The Module JSP Override sample conveys how to override an application’s JSP by leveraging OSGi fragment modules. This is not the recommended practice for overriding JSPs in Liferay DXP 7.2. See the Customizing JSPs article for better options.
This example overrides the default
login.jsp file in the
com.liferay.login.web bundle by adding the red text changed to the Sign In
This sample demonstrates how to create a fragment host module and configure it to override an existing module’s JSP.
You can create your own JSP override by
- Declaring the fragment host.
- Providing the JSP that will override the original one.
To properly declare the fragment host in the
bnd.bnd file, you must specify
the host module’s (where the original JSP is located) Bundle Symbolic Name and
the host module’s exact version to which the fragment belongs. In this example,
this is configured like this:
Then you must provide the new JSP intended to override the original one. Be sure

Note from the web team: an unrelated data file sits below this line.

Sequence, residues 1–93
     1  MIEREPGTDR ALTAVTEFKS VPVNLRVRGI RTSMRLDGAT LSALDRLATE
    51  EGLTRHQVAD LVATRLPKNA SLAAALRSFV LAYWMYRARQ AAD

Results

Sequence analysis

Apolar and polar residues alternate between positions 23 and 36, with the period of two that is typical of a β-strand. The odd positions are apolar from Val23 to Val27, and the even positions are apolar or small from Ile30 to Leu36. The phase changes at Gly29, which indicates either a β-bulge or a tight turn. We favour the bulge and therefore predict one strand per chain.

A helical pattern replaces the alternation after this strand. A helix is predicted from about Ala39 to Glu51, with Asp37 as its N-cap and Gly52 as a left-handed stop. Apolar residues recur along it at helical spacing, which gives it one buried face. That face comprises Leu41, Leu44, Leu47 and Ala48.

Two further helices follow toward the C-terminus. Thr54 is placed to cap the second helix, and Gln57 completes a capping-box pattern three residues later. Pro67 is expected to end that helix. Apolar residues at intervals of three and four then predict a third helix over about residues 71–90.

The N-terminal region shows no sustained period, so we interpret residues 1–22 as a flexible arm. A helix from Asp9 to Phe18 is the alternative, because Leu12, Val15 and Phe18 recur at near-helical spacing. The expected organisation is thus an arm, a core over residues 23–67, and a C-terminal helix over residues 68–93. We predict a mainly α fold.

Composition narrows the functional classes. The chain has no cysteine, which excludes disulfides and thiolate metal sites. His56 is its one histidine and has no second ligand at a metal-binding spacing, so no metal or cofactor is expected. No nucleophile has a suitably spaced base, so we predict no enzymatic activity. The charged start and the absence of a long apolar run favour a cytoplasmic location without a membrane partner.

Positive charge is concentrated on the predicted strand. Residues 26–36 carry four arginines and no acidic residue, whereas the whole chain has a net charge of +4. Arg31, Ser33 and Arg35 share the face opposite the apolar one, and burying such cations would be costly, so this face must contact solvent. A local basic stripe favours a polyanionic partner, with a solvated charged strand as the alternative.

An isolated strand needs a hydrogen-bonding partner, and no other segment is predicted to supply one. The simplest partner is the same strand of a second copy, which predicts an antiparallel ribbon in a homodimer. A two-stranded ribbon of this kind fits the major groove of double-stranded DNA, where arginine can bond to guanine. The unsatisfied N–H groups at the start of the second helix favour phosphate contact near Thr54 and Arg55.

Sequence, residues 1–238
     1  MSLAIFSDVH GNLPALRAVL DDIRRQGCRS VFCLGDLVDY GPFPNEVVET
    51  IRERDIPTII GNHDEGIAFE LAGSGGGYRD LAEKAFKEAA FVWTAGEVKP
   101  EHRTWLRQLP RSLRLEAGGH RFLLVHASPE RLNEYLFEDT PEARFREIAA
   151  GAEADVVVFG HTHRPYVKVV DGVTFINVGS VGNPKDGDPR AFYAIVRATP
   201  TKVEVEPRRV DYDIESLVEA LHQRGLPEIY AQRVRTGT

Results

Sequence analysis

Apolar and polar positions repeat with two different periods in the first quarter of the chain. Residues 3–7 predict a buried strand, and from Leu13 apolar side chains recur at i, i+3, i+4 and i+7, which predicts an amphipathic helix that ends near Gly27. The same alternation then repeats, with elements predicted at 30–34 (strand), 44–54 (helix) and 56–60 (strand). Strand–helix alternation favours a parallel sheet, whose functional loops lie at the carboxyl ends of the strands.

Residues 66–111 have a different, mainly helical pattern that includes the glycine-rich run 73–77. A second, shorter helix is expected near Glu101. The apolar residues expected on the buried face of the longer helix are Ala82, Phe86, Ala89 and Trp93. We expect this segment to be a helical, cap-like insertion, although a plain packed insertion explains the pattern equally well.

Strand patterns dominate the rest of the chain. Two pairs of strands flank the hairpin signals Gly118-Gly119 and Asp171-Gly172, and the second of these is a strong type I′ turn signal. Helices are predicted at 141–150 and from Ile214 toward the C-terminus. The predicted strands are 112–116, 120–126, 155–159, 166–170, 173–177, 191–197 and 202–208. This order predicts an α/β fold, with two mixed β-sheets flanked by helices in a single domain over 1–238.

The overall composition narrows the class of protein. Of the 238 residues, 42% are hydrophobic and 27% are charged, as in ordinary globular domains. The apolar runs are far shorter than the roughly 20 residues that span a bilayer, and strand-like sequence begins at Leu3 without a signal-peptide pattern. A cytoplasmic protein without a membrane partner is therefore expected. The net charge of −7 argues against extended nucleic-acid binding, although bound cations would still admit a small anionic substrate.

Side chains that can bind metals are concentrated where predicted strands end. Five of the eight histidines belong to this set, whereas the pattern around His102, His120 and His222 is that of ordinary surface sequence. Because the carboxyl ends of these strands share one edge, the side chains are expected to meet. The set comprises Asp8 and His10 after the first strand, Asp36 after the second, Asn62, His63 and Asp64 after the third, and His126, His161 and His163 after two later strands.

to mimic the host module’s folder structure when overriding its JAR. For this
example, since the original JSP is in the folder
/META-INF/resources/login.jsp, the new JSP file resides in the folder
If needed, you can also target the original JSP following one of the two
possible naming conventions:
portal. This pattern looks like
<liferay-util:include page="/login.original.jsp" servletContext="<%= application %>" />
<liferay-util:include page="/login.portal.jsp" servletContext="<%= application %>" />
This approach can be used to override any application JSP (i.e., JSPs residing in a module). You can also add new JSPs to an existing module with this technique. For more information on other ways to customize JSPs, see the Customizing JSPs articles.
There are three different versions of this sample, each built with a different build tool: